COMPANIES are continuing to switch away from caged-hen systems to barn and free-range across the world, a new report has revealed.
Compassion In World Farming (CIWF) has released its annual EggTrack report, which asks companies to report on their progress towards cage-free commitments.
See also: PD Hook pledges support for Better Chicken Commitment
This year the report includes data from 210 companies from around the world, and CIWF says two-thirds have reduced their reliance on shell egg produced by caged hens.
The charity said it had expanded its reach this year and now looked at the global egg market – and it is now asking companies that have made regional commitments to expand them to every region in which they operate.
“Internationally recognised brands like McDonald’s, Subway, Walmart, and Burger King, have committed to eliminate cages in some regions but have yet to extend those commitments across their entire global supply chains,” the report says.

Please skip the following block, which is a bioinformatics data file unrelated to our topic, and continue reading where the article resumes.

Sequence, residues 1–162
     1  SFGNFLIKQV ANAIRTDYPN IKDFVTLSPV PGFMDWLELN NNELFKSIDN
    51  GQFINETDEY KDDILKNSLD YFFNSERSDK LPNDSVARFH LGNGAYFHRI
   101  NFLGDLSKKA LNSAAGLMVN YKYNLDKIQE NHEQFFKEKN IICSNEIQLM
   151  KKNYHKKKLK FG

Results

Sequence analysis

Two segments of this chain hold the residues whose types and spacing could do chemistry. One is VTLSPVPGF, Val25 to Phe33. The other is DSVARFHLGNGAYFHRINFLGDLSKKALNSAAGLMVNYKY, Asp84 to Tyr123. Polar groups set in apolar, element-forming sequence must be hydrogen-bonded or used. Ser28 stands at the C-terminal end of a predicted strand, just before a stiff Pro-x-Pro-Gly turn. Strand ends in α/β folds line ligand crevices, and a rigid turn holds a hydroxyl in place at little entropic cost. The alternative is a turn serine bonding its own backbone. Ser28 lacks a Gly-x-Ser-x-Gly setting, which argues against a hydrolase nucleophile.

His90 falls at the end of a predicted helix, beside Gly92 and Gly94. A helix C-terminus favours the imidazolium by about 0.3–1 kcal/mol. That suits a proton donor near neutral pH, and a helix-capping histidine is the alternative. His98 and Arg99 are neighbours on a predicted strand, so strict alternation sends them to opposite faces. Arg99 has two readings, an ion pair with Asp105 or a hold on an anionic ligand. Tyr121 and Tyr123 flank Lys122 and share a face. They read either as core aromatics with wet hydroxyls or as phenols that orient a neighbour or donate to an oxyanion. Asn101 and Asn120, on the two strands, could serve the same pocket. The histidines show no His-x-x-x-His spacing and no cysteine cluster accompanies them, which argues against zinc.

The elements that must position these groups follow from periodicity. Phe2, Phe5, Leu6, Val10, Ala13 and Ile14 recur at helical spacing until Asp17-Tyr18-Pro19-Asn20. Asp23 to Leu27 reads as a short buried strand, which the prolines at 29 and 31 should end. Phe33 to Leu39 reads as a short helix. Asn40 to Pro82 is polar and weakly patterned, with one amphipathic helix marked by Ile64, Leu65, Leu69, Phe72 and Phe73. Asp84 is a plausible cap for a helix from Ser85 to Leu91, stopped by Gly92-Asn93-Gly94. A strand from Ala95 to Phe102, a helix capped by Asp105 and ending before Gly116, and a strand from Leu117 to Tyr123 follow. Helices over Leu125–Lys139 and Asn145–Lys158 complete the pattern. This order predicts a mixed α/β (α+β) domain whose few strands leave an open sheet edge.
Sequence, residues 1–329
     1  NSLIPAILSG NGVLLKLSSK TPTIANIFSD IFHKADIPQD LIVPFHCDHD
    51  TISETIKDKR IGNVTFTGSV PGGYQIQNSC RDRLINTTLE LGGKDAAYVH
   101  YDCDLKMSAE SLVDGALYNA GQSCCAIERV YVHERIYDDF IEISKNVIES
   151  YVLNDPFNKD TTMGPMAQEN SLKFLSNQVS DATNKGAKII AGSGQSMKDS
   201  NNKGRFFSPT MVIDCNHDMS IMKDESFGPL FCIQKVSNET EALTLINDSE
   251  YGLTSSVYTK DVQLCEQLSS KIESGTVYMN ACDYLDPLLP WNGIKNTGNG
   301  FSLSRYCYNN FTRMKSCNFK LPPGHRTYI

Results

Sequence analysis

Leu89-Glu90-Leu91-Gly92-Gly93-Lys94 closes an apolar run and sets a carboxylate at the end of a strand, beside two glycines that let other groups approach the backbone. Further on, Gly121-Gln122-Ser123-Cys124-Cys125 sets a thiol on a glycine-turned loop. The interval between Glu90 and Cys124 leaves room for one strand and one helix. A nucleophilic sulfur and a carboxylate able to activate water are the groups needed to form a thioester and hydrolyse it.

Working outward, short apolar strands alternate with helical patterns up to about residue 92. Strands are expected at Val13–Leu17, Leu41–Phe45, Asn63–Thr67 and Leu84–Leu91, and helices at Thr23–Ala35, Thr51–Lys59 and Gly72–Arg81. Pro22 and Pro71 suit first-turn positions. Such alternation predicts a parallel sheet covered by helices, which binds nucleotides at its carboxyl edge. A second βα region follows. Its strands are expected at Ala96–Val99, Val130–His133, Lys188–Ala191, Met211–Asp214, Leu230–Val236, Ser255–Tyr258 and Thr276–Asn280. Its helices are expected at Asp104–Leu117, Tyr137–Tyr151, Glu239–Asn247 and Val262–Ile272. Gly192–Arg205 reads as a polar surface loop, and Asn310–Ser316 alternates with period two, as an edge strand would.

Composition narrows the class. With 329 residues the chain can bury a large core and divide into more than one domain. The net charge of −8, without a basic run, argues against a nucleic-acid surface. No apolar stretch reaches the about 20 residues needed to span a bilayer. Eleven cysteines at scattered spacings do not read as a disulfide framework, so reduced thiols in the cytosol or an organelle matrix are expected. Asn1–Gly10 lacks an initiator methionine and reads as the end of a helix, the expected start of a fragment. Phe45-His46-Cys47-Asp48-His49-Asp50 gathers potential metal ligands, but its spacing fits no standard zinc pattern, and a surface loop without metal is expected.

EggTrack is now in its fourth year. Companies are asked to disclose what percentage of their egg supply is cage-free before 31 July this year, to be included in the report.
In the UK retailers have notably extended cage-free commitments to include ingredients and egg products. Tesco has said it will be cage-free by 2025, as has Aldi.
Morrison’s moved from 78% cage-free in last year’s report to totally cage-free this year, well ahead of its 2022 deadline.
Foodservice operators also feature. Greggs says that 75% of shell and product/ingredient eggs are now cage-free.
And producer/packer LJ Fairburn reported it was 78% cage-free, with a 2025 deadline.
Tracey Jones, director of food business at CIWF, said: This year’s EggTrack report shows that although progress has been made, which is remarkable against the backdrop of the Coronavirus pandemic, there is still considerable work to be done, especially as we increase our focus at a global level and track commitments for all egg types, not just shell.
“Companies are leading the way on a cage-free future but building a supply chain capable of meeting the 2025 demand for cage-free eggs will take time and cooperation between producers and purchasers.
“It also requires investment into well-designed systems if we are to deliver the expected welfare benefits that can stand the test of time for consumer acceptability.